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Unit information: Galaxies 301 in 2019/20

Please note: Due to alternative arrangements for teaching and assessment in place from 18 March 2020 to mitigate against the restrictions in place due to COVID-19, information shown for 2019/20 may not always be accurate.

Please note: you are viewing unit and programme information for a past academic year. Please see the current academic year for up to date information.

Unit name Galaxies 301
Unit code PHYS34011
Credit points 10
Level of study H/6
Teaching block(s) Teaching Block 2 (weeks 13 - 24)
Unit director Professor. Bremer
Open unit status Not open
Pre-requisites

120 credit points of physics units at level I/5 in Physics, Physics with Astrophysics, Theoretical Physics, joint honours Mathematics and Physics or Physics and Philosophy.

Co-requisites

None

School/department School of Physics
Faculty Faculty of Science

Description

Introduction: discovery of galaxies, distance scales, redshifts and the expansion of the universe. Galaxy types: morphology; infra-red radio and X-ray observations, luminosities, sizes and surface brightness, galaxy environments structure of ellipticals, structure of spirals. Stars in galaxies: stellar types, lifetimes, stellar populations, stellar mass function, evolution. Gas in galaxies: neutral hydrogen, HII regions, molecules, gas distributions, dust, star formation. Galaxy dynamics: rotation and velocity dispersion of ellipticals, virial theorem, Faber-Jackson relation, supermassive black holes, rotation of spirals, rotation of the Galaxy, Tully-Fisher relation, Galactic halo, Galactic Centre, dynamical evolution. Galaxy formation and evolution: galaxies at high redshift - observations, galaxies at high redshift - theory.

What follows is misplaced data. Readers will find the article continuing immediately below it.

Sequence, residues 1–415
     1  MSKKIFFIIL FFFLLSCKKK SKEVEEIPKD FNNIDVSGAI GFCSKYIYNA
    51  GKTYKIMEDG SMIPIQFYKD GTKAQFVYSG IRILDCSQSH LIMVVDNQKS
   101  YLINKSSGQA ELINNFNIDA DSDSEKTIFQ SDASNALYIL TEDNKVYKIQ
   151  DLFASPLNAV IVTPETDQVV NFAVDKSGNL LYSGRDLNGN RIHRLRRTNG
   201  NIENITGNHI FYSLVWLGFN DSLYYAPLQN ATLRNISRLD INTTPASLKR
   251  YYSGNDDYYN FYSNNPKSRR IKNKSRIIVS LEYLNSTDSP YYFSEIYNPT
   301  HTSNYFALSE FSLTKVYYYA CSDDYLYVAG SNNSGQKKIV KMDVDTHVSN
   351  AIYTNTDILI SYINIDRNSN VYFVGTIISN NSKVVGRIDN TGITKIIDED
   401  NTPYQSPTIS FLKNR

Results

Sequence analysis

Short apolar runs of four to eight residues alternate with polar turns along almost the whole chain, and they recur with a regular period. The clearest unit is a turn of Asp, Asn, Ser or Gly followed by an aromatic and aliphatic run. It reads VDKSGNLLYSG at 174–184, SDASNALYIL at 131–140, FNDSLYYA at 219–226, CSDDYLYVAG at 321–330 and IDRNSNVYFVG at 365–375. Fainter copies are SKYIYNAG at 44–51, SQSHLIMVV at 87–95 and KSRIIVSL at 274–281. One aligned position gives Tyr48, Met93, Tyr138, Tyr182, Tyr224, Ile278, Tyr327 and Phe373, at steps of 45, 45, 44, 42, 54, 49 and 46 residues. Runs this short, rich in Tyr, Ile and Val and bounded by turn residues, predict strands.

Aims:

To provide a description of galaxies and their contents. To introduce the factors involved in galaxy evolution. To discuss the distribution of galaxies in a cosmological context.

Intended learning outcomes

Able to appreciate the scale and content of galaxies in the universe and see how observations of them are made. Understand how galaxies behave as dynamical systems and what this indicates about the matter content of the universe. Understand how galaxies may have evolved to their present states and how their distribution bears on the overall structure of the universe.

Teaching details

Lectures and problems classes

Assessment Details

Written examination comprising 1 2-hour paper

Reading and References

  • Phillipps, The structure and evolution of galaxies, (Wiley 2005)
  • Sparke and Gallager, Galaxies in the universe, (CUP 2000)

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